The appeal court in the capital, Podgorica, ruled on 24 October that the prosecution failed to prove that Martinović committed any crime or to produce enough hard evidence to justify a prison sentence, and that the credibility of the high court’s conclusions was therefore in doubt. His retrial is expected to start within a few weeks.
A specialist in covering organized crime for such leading international media as The Economist, Financial Times, NPR and the BBC, Martinović was convicted on the two charges on 15 January despite overwhelming evidence that his only links with organized crime were those of a reporter preparing TV documentaries.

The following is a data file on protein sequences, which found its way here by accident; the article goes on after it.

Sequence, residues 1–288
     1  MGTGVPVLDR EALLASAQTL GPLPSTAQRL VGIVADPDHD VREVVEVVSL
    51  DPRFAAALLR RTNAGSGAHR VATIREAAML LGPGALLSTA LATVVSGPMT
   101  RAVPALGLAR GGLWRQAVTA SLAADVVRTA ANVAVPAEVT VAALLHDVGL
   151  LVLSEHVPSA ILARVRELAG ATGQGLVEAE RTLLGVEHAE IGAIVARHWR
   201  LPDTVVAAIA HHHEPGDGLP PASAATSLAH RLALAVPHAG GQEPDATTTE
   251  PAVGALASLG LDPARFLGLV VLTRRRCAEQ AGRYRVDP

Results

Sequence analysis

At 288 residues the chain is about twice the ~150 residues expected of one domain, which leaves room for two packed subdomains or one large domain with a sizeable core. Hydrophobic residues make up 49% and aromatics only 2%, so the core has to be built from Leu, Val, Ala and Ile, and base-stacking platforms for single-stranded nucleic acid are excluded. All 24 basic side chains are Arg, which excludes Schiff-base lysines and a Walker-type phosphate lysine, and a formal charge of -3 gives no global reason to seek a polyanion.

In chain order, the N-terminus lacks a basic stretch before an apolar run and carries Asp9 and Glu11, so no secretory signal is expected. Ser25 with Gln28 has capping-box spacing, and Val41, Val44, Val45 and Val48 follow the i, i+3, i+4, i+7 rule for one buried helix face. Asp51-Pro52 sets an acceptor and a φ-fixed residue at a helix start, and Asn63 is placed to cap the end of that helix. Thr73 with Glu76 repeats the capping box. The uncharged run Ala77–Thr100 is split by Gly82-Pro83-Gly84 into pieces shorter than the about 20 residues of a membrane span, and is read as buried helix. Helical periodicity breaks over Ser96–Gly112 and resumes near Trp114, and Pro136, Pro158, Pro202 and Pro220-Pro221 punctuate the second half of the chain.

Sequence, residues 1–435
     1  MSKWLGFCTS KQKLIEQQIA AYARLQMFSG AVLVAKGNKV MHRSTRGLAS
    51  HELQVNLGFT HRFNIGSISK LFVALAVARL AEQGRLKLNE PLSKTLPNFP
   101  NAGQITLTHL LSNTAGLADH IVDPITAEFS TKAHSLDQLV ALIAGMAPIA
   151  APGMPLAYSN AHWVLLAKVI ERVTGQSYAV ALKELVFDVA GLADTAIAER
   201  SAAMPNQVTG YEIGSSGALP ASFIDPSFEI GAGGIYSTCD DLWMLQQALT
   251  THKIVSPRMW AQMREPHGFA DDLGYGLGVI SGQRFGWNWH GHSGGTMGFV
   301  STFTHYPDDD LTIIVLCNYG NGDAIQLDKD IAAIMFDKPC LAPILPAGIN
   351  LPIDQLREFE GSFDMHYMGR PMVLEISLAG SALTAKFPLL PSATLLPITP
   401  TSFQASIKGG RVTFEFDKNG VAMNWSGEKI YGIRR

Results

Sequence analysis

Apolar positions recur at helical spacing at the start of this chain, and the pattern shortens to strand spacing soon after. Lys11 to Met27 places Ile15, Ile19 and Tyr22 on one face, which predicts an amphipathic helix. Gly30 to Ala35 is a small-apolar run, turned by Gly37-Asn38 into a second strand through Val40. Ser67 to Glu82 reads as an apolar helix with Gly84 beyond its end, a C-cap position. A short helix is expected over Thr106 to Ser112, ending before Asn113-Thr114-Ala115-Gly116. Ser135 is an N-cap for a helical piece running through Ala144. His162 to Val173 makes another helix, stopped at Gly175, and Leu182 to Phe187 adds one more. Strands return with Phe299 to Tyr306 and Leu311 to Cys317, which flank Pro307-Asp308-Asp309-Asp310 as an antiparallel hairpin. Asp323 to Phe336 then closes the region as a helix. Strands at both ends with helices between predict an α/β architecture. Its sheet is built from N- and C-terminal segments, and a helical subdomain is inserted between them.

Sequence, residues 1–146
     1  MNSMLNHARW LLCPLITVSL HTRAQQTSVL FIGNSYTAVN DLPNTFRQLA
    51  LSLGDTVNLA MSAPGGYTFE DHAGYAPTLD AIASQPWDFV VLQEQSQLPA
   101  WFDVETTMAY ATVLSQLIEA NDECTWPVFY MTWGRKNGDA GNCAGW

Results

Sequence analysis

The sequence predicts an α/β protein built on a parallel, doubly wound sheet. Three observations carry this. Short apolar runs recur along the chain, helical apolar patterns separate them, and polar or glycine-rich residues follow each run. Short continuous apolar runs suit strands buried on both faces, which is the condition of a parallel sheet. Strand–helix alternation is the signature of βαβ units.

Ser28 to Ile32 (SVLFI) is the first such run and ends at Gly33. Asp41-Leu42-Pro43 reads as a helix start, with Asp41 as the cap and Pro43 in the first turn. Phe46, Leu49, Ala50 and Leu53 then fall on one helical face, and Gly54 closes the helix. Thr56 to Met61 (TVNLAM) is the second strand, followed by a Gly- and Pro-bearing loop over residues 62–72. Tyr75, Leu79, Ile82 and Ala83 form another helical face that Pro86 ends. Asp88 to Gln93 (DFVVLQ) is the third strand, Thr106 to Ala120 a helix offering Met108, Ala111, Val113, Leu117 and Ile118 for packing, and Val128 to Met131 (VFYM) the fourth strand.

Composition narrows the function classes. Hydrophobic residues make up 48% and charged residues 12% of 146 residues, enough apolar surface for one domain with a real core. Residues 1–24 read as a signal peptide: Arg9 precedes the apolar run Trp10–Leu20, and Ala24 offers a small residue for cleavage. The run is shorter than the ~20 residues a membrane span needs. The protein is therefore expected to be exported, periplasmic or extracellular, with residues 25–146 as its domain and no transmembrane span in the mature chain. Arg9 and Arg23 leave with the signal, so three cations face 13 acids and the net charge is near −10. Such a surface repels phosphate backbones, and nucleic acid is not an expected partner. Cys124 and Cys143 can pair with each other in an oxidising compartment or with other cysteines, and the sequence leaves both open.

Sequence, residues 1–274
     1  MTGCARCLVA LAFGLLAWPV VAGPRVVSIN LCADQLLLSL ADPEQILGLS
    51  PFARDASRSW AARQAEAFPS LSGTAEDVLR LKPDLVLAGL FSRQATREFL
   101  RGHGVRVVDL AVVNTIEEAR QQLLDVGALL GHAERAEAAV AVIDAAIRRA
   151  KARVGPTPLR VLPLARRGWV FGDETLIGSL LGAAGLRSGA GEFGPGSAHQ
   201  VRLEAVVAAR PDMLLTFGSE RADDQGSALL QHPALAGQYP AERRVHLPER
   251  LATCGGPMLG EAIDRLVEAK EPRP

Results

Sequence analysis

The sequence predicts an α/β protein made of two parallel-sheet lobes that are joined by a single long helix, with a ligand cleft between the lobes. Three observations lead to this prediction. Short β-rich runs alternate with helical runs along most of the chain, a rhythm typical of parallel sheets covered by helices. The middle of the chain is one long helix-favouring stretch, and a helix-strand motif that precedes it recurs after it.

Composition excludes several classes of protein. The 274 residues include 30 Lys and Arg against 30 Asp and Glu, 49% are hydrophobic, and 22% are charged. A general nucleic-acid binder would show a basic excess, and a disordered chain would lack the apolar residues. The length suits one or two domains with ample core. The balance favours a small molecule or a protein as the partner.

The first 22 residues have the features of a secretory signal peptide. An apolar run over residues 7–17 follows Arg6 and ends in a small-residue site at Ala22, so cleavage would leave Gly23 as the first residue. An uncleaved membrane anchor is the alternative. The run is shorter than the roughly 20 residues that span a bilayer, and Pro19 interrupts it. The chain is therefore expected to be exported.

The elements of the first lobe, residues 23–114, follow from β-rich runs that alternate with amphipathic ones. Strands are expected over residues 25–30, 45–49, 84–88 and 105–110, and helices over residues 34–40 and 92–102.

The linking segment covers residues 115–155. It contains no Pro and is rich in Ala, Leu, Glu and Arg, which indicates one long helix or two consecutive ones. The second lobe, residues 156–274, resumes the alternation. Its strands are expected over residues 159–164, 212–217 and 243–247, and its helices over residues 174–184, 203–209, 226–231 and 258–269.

He was arrested in October 2015 while researching arms trafficking in the Balkans and spent nearly 15 months in prison until finally released pending the outcome of his trial and then his appeal.
“With a new trial now likely, we call on the judicial authorities to judge this journalist on the basis of the facts and to be courageous in their decisions,” said Pauline Adès-Mével, the head of RSF’s European Union and Balkans desk. “An acquittal would be a step in the right direction for press freedom and the rule of law, and a sign that Montenegro wants to conform to EU standards.”
There is an urgent need to stop government interference in media activity in Montenegro, which is ranked 104th out of 180 countries in RSF’s 2019 World Press Freedom Index.